Meaning of “circus” in the English Dictionary

"circus" in British English

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uk /ˈsɜː.kəs/ us /ˈsɝː.kəs/

circus noun (ENTERTAINMENT)

B1 [ C or S ] a group of travelling performers including acrobats (= people skilled in difficult physical movements) or those who work with trained animals, or a performance by such people usually in a large tent:

She ran away to join the circus.
The horses trotted into the circus ring (= the large circle, with seats all around, in which a circus performs).
The children loved being taken to the circus.

More examples

  • Mummy and Daddy are taking me to the circus on Saturday.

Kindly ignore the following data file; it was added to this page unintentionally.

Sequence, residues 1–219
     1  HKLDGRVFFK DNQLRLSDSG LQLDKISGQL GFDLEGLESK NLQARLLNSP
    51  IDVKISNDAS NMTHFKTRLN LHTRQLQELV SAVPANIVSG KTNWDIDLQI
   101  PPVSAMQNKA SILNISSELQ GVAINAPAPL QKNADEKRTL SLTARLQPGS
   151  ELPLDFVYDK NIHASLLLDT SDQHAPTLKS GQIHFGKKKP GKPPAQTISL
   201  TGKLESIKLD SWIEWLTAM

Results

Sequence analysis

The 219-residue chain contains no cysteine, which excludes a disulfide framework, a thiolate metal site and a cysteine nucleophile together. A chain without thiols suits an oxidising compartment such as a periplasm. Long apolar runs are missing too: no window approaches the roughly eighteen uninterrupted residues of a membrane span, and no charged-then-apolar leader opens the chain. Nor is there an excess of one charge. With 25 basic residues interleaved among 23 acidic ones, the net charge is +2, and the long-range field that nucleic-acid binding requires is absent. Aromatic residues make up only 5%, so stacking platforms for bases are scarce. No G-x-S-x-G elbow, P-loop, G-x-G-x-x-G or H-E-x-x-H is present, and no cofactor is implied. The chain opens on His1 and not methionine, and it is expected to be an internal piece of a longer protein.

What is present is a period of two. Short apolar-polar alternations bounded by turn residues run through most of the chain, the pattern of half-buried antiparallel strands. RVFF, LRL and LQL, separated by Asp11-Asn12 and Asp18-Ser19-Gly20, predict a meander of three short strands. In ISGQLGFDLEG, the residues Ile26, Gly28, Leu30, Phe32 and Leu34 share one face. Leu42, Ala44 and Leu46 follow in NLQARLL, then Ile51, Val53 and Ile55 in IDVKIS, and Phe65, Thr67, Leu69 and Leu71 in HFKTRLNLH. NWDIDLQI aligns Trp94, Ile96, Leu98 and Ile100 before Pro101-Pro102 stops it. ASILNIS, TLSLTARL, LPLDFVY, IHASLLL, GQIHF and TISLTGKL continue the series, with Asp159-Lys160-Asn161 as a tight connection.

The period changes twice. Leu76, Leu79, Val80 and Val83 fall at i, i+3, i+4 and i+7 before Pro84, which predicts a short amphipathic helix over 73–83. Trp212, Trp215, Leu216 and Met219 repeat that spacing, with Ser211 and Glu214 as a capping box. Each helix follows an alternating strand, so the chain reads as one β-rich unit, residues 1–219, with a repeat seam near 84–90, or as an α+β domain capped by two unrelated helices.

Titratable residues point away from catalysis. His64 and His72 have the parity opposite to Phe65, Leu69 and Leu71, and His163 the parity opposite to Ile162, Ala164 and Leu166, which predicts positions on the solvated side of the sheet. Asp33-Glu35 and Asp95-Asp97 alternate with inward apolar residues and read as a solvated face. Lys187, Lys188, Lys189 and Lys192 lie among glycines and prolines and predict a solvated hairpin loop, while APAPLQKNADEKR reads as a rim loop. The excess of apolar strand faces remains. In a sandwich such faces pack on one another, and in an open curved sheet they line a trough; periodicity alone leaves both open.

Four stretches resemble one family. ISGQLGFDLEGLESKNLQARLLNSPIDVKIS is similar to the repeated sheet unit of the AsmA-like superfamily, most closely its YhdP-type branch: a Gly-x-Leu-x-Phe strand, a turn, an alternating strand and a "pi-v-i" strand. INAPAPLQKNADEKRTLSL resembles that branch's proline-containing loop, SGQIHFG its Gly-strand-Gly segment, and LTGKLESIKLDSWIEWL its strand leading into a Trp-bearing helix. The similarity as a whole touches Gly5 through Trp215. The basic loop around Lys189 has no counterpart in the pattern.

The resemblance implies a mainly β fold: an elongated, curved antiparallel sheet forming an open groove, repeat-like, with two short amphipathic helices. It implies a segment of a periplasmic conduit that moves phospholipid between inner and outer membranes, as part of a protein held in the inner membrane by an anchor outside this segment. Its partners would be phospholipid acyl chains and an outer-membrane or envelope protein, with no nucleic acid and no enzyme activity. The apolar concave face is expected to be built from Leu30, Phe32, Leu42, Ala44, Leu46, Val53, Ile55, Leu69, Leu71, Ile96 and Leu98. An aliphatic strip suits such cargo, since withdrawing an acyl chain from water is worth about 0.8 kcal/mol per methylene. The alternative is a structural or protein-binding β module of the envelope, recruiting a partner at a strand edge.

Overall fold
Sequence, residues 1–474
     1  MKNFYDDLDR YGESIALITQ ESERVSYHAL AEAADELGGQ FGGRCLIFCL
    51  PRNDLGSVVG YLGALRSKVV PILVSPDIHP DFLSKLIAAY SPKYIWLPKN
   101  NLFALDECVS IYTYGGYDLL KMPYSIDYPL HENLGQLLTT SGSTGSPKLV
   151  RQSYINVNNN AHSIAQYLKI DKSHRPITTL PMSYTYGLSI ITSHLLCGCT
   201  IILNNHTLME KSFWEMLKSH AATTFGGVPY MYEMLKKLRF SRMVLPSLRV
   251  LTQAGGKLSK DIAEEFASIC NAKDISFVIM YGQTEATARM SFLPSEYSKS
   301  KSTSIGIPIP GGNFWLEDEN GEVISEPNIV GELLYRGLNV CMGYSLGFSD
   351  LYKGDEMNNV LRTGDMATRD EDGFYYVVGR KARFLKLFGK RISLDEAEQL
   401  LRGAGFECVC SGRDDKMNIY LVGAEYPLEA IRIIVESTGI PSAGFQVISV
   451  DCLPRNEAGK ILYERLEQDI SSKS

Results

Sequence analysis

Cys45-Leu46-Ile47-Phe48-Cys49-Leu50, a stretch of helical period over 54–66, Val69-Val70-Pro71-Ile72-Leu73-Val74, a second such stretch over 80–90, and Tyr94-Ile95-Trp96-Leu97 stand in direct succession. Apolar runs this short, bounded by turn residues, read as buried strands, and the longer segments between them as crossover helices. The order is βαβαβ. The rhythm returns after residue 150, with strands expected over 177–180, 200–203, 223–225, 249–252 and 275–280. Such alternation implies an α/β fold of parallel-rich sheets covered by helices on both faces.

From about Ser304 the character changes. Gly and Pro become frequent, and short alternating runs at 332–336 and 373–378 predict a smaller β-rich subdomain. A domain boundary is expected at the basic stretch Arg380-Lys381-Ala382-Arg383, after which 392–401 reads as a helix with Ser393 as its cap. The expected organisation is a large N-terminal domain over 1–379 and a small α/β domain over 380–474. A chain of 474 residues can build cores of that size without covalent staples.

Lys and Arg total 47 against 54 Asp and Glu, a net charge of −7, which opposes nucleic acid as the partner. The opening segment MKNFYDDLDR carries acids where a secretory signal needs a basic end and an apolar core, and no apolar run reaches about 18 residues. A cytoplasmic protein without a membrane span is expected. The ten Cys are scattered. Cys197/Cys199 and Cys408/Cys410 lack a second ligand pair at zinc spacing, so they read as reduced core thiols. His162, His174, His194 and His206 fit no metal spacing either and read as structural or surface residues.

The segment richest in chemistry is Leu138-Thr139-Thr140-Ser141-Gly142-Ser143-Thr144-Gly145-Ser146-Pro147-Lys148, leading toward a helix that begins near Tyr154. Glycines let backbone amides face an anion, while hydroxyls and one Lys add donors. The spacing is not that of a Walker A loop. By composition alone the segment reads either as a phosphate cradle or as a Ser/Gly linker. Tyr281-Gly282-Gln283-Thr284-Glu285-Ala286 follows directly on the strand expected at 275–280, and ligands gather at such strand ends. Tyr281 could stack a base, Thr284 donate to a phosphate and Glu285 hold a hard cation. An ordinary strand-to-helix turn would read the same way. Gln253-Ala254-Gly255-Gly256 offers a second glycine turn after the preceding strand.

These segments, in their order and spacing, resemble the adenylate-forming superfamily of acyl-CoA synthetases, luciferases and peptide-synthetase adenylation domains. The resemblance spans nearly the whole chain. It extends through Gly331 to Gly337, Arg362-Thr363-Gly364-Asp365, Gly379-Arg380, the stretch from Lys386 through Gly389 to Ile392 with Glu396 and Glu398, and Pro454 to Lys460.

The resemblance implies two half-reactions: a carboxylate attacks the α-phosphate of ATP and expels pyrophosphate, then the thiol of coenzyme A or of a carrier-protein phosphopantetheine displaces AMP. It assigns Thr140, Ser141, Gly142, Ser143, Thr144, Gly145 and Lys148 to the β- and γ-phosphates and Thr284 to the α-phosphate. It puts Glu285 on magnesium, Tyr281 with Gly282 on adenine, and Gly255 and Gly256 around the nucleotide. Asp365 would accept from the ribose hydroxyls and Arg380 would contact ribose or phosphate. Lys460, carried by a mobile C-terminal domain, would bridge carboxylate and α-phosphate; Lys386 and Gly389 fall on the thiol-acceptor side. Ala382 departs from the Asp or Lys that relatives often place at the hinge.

• We noticed a poster advertising a circus.
  • We managed to get ringside seats for the circus.
  • The children wanted to see the circus.
  • One of the acrobats who walked the tightrope at the circus did it blindfolded.

(Definition of “circus” from the Cambridge Advanced Learner’s Dictionary & Thesaurus © Cambridge University Press)

"circus" in American English

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circusnoun [ C ]

us /ˈsɜr·kəs/

a group of traveling entertainers including acrobats, clowns, and trained animals, or a performance by such a group, often in a tent:

He quit school in the eighth grade to join the circus.
We saw the circus set up in a tent in the middle of the city.

A circus is also something noisy and confused:

The media circus covering the trial took over the courthouse steps.

(Definition of “circus” from the Cambridge Academic Content Dictionary © Cambridge University Press)